Zuasola employs soap opera elements of jealousy, betrayal and surprise to push Noel and Liza’s story forward. But when the film concludes with a preposterous climax, Soap Opera becomes as absurd as the television dramas it comments on. Soap Opera’s outlandish climax fits well with its themes, but it reduces Noel and Liza to nothing more than pawn pieces in a primetime soap.
But by the end of the film, Soap Opera strikes a tenuous balance. We discover that each of the characters are far removed from the fantasy land of television fiction.
Soap Opera makes no damning accusations of teleseryes, nor does it call them out as a commercialized sedatives for the masses. Instead, it is a tragic exploration of story and reality, and how one influences the other, and vice versa.That Thing Called Tadhana Review: A trip worth taking
Where do broken hearts go? It’s a question that feels ripped from the pages of some discarded teenaged diary. But it’s also the central question of That Thing Called Tadhana.
Inspired by Richard Linklater’s Before Sunrise, That Thing Called Tadhana goes through similar motions. Two characters, Mace (Angelica Panganiban) and Anthony (JM De Guzman), meet in Rome, Italy through an rather inconvenient case of overweight luggage.
What starts out as an innocent gesture of kindness, ends up as a road trip across Luzon. Like Before Sunrise, the film is a simple observation of two conversing individuals. There is no elaborate romantic setup, and no arbitrary goal. But in the latest film by writer-director Antoinette Jadaone, the story simply relies on words, time and two people.
In a way, That Thing Called Tadhana feels derivative of Linklater’s work, but Jadaone wears that inspiration on her sleeve, and she isn’t afraid to admit it. The film meanders in parts, and admittedly lapses in some. But it speaks from a place that is honest, funny, and coincidentally painful.
Towards the end of That Thing Called Tadhana, Mace stands atop one of the mountain views in Bontoc and yells out to the sky. We don’t quite hear what she’s saying, but we don’t have to. We’ve all said it ourselves, one time or another.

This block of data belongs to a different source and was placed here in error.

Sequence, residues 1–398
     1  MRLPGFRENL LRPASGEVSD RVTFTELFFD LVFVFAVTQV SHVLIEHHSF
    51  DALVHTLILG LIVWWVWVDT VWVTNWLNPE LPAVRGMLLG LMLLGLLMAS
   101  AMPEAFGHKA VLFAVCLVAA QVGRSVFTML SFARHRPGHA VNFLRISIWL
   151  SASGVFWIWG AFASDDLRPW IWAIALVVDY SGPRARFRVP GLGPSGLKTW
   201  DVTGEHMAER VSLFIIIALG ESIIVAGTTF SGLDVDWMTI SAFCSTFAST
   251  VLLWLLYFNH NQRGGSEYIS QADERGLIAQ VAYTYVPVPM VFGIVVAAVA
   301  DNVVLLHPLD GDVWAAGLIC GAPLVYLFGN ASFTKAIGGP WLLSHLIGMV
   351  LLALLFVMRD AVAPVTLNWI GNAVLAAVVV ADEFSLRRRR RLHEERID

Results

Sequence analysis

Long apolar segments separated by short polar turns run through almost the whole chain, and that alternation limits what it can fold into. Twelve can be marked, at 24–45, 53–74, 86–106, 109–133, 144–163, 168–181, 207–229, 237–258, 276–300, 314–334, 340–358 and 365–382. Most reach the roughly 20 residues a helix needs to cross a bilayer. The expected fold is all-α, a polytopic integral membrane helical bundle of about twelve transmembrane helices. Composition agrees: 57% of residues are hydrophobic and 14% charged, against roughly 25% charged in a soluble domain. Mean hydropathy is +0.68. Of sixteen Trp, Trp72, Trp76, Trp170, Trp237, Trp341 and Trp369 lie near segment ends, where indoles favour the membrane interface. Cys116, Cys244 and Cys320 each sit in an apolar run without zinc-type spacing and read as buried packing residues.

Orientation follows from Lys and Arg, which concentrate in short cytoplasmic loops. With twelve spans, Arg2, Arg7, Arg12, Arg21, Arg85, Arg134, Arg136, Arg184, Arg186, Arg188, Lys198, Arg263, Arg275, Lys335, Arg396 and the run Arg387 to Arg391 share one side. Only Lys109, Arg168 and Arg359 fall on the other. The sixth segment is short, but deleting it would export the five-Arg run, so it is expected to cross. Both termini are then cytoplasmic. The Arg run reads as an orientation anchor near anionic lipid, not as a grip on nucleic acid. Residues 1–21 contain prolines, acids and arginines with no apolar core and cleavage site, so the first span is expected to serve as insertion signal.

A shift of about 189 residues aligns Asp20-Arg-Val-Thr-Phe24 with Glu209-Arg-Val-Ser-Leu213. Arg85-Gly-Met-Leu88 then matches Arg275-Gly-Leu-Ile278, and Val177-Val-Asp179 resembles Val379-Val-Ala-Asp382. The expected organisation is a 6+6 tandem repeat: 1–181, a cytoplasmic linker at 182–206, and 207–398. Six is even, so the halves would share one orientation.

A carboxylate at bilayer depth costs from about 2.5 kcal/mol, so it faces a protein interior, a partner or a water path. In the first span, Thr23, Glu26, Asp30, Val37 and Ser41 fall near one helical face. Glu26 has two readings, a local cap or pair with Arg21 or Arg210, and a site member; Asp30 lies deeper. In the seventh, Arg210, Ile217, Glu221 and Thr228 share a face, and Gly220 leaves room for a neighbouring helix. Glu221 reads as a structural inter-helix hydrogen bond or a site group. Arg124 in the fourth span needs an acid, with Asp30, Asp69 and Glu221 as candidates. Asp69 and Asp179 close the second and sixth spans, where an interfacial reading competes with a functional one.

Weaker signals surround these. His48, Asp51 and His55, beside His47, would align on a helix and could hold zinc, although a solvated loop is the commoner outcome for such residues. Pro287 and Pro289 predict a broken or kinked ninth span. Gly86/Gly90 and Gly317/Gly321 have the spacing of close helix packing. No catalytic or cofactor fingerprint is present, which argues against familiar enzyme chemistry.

“Ayoko na.” (I don’t want this anymore.)
That Thing Called Tadhana is the love story between Mace and Anthony, but in a way, it’s also the love story of every heart that’s ever been broken.
That Thing Called Tadhana is the anti-romantic comedy. It may be cut from the same fabric as mainstream films, but its fashioned in a way that leaves only the essentials. It is as honest as it is flawed. Like any love story, there are moments to love, hate, despise and admire. But like any good love story worth saving, it’s also one worth having.Violator Review: Preview the apocalypse
Violator is a sneak preview of the end times. When a storm threatens to sweep Metro Manila, the city begins to swallow itself whole. And although Violator is a horror film in the most fundamental sense, it tackles the genre with a certain sharp-eyed confidence that breaks free from its often predictable mold.
The film opens with a series of vignettes. A young girl strips naked before jumping to her death, a man wears the head of a pig before being found dead inside a classroom, and two men burn themselves to death as they run across hills of stone and gravel. Each vignette stands well own its own, but they all set the tone for armageddon, an appetizer for the apocalypse.
But the real story lies when 5 men (played by Joel Lamangan, Victor Neri, RK Bagatsing, Anthony Falcon and Andy Bais) are stranded in a police station by the severe storm. There, they are confronted by a seemingly harmless prisoner, (Timothy Mabalot) a boy who, the men suspect, could be the devil.
Violator is a horror film that aims to subvert as much as it aims to scare. But what makes Violator so impressively engaging is how it strips down the nuts and bolts of a horror film and builds it back up again.
Like his vignettes, writer-director Eduardo Dayao eases us into his detoriating world. But right at the very end, he pulls the rug right from under it. Violator may lack the narrative propulsion of a conventional horror film, but Dayao seems intent on actively avoiding it.
Violator is perfectly aware of more traditional entrants to the genre. And in an effort to break free from convention, Violator reskins itself with razors and teeth while keeping most of its bones intact. In the end, there is only darkness and chaos, and Violator delivers on both those fronts. – Rappler.com
Zig Marasigan is a freelance screenwriter and director who believes that cinema is the cure for cancer. Follow him on Twitter at @zigmarasiganhttp://www.rappler.com/entertainment/movies/75132-reviews-cinema-one-originals-film-festival-2014